The curriculum is one of the most talked about topics in all countries and throughout the ages. So why is the broad and balanced curriculum essential to the educator?
It is important because it is the key to unlocking children’s potential and closing the gap of inequality. Children who are exposed to a rich and varied curriculum, loaded with experiences and life skills -which challenge and develop them, often grow into confident young people who have ownership of their learning and life choices.
Whether you are an early years practitioner or a primary/secondary school teacher, your influence is paramount on a young person’s life as you help shape their view of the world.
"Each stage will be a journey and will help shape the young person either negatively or positively."
In July, every year, children in Y6, Y11 and Y13 will leave their schools to take on the next stage of their lives. It is an emotional journey for parents, teaching staff and carers alike and of course, for the children.
Each stage will be a journey and will help shape the young person either negatively or positively. It is our job as educators to ensure they are prepared, rich with experiences and have the resilience and stamina to overcome each hurdle and celebrate each success in their lives.
Between the ages of 11 and 22 years old, most children will have taken their first national exams (Y6 SATS, GCSEs and possibly A’ Levels and BTECS). By then, young people will have experienced fear, failure, love and even sadly for some, loss. They will also realise they are accountable for their own outcomes.
Furthermore, they will have also experienced changes to their bodies and emotions and will have possibly had their first or second relationship. For some young people, they may be beginning to understand their sexual orientation or gender affiliations. In addition, they will be trying to hone their skills and hopefully, be trying to seize or be offered opportunities so that they can be successful adults.
Mid-August –always signals results time in the UK! Both teachers and pupils in secondary schools and colleges will be anxiously awaiting these with nervy anticipation. For pupils who complete A-Levels or BTECs and other courses- the decisions made in mid-August when results come out will herald the way forward for them.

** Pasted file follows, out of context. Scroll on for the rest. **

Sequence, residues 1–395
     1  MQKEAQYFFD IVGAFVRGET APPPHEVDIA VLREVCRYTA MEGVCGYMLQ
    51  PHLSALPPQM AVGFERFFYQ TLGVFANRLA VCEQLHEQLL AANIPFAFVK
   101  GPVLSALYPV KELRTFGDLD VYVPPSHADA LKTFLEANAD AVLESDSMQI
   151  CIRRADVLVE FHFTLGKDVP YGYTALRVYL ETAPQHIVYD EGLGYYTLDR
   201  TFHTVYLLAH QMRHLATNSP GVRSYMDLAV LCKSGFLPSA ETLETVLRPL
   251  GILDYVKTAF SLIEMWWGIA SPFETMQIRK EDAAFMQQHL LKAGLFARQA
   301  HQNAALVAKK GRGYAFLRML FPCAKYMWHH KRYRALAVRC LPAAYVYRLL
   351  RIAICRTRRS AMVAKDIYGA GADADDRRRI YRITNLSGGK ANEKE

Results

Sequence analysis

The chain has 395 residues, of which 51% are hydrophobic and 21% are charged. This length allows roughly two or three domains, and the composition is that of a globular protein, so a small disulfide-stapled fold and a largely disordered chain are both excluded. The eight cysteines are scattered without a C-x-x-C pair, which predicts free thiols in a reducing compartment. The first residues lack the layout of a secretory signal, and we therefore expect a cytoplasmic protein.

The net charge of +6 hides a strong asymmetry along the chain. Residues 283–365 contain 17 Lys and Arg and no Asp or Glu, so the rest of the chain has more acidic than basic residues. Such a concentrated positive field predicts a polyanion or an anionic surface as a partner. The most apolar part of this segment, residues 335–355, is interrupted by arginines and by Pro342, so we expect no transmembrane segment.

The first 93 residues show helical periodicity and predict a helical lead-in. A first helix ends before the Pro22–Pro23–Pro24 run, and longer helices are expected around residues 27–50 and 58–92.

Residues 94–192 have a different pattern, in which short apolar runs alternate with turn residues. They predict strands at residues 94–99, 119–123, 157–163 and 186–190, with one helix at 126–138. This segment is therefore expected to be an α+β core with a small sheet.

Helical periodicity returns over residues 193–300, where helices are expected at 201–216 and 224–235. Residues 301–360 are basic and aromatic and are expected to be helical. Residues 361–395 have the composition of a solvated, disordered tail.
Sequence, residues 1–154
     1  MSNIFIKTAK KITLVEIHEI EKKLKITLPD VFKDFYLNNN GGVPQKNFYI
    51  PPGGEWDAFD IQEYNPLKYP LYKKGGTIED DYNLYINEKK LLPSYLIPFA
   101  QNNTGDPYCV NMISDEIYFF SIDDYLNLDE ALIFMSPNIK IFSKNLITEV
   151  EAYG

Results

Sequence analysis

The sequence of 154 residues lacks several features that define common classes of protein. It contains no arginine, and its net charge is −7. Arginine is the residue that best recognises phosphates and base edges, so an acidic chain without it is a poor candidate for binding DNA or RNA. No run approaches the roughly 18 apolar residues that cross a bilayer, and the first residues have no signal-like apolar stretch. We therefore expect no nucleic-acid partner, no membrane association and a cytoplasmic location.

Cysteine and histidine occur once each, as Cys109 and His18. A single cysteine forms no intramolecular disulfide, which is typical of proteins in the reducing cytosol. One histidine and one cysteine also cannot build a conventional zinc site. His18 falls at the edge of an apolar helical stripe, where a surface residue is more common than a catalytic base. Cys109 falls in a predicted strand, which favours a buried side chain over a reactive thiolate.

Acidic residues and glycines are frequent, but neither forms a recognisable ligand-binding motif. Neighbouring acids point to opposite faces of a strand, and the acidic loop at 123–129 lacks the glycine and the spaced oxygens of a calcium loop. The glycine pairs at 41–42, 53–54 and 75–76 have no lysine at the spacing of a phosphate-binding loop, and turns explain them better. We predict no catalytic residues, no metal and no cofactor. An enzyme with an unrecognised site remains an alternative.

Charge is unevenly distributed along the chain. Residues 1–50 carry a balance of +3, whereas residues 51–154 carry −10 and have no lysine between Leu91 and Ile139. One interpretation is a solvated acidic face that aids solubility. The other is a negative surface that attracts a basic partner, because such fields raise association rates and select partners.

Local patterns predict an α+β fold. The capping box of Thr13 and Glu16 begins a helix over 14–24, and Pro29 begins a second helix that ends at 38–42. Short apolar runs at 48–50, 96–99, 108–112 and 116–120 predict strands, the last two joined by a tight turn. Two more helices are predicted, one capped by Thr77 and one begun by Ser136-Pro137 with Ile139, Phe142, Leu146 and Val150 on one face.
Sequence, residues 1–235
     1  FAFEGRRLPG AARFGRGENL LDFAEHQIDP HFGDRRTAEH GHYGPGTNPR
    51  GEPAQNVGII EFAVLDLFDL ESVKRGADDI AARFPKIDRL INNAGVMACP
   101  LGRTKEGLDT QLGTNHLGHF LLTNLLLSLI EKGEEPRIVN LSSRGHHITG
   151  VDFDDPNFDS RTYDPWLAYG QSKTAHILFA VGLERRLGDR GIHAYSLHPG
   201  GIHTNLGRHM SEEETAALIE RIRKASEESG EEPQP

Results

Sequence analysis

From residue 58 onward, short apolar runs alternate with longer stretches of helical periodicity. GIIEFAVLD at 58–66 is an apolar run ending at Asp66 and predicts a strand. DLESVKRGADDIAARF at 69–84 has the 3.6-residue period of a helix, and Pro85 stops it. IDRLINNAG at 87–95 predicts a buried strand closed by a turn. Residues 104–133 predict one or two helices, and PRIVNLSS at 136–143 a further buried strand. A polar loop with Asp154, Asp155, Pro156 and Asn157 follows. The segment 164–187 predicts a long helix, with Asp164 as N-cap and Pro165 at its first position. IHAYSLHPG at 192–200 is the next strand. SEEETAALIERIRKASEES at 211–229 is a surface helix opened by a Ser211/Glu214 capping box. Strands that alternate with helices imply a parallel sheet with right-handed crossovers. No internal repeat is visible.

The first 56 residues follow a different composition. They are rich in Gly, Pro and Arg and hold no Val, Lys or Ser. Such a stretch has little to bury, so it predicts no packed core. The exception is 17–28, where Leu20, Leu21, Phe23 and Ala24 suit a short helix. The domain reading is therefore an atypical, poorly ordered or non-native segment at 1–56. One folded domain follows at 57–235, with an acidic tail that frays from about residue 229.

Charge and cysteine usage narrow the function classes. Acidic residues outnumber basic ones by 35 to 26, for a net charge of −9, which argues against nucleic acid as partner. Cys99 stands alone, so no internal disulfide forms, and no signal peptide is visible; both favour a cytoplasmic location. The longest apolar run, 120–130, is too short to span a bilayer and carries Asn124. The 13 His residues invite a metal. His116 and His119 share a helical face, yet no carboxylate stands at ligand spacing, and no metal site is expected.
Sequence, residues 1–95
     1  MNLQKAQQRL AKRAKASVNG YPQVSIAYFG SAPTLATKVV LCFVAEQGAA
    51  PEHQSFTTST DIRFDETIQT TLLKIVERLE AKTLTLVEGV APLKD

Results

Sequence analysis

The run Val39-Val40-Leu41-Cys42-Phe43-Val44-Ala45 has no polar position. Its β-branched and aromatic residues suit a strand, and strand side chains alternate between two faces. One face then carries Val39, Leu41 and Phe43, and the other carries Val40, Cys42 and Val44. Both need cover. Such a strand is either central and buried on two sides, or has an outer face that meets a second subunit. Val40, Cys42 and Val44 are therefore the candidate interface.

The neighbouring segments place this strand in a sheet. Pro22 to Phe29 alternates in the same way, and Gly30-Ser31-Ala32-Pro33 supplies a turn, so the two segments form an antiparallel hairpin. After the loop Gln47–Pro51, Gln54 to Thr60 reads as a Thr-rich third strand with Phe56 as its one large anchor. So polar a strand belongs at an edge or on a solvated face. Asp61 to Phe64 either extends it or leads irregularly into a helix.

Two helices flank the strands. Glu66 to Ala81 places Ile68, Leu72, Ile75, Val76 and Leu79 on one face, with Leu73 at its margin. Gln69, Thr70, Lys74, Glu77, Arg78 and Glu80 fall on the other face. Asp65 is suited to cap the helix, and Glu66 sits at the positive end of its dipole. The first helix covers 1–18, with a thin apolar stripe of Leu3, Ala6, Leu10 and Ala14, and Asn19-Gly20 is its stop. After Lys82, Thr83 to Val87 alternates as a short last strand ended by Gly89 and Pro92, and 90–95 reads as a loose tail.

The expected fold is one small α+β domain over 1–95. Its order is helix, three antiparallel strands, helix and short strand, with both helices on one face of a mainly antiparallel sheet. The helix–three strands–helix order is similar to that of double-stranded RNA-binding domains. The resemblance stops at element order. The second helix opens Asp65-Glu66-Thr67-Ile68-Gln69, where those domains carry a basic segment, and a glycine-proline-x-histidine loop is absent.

For some young people- there will be sheer elation as they have managed to get into their university of choice or are in an apprenticeship they have chosen. Some will be preparing to follow alternative choices e.g. taking a gap year or joining fulltime employment. Others will be thinking hard and reflecting deeply, full of disappointment -needing to adapt their dreams. They may not have got the results they wanted and are anxiously going through clearing *or thinking of retakes.
The idea that this all happens all in the space of 10 years can be overwhelming! We need to teach them that life happens! This can only be done by teaching them a broad and balanced curriculum. There will be other things that define them other than exam results.
As educators, we need to show them that it is about bouncing back and re-configuring their pathway and more importantly, turning it into a success that is key! It is our duty to prepare children from 0 to beyond.
We must plan and prepare for the children we teach and try to envisage what the future will look like for them in 10 years’ time. If you are an EYFS teacher teaching 4 and 5 year olds, your role is to prepare them so they can be successful at 14!
"... as educators, it is crucial that we prepare and equip them for life beyond the school confines."
Similarly, if you are a Y6 teacher, in 10 years’ time, your pupils will hopefully be graduating from university or finishing an apprenticeship. Those children taking part in GCSEs will hopefully be in employment or travelling, perhaps settled down in a relationship may also be thinking about buying their first home. They may even be thinking of having their first child or are parents already.
Sadly, sometimes life doesn’t always work out the way we want! – Which is why as educators, it is crucial that we prepare and equip them for life beyond the school confines. This preparation starts in the foundation years.
While we can’t control what happens at home or outside of school, we can influence them while they are with us by delivering a broad and balanced curriculum!
*Clearing in the UK is a process managed by UCAS (University and Colleges Admission Services) that gives students the opportunity to find a course at university if they haven’t managed to secure one.
About our Community Expert
Jasmin has extensive experience of working in a variety of settings which have included being recruited to work schools in special measures and concern as well as outstanding.
Jasmin has been qualified as a teacher for over 20 years and has been a Deputy Head, working mainly in some of the most deprived and challenging schools in the UK.